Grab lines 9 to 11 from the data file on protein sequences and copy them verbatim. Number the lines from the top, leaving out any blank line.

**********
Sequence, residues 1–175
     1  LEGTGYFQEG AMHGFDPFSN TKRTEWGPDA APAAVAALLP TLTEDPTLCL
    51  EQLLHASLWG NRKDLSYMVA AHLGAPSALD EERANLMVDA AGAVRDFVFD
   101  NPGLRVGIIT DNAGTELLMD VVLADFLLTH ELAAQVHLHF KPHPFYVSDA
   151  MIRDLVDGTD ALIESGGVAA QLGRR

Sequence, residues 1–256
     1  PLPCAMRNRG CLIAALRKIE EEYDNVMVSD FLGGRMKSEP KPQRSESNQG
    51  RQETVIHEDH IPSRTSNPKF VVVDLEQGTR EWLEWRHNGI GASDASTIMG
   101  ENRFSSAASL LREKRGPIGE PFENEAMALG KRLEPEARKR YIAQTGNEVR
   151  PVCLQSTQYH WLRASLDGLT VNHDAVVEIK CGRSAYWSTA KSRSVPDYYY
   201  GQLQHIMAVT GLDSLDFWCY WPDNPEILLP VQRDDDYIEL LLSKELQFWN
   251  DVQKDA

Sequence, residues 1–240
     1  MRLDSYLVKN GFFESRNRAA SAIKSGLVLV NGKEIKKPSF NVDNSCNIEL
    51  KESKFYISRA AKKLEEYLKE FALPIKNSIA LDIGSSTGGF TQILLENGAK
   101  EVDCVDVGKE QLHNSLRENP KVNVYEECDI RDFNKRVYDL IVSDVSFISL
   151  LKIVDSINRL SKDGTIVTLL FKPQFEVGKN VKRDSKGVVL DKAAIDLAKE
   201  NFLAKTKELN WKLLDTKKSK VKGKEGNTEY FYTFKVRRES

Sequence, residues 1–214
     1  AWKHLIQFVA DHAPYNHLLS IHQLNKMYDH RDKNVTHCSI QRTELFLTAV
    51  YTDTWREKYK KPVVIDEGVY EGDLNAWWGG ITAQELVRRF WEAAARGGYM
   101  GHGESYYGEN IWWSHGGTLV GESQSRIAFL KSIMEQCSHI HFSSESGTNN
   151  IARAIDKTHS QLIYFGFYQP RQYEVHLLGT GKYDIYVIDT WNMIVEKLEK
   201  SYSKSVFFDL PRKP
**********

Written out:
   101  ENRFSSAASL LREKRGPIGE PFENEAMALG KRLEPEARKR YIAQTGNEVR
   151  PVCLQSTQYH WLRASLDGLT VNHDAVVEIK CGRSAYWSTA KSRSVPDYYY
   201  GQLQHIMAVT GLDSLDFWCY WPDNPEILLP VQRDDDYIEL LLSKELQFWN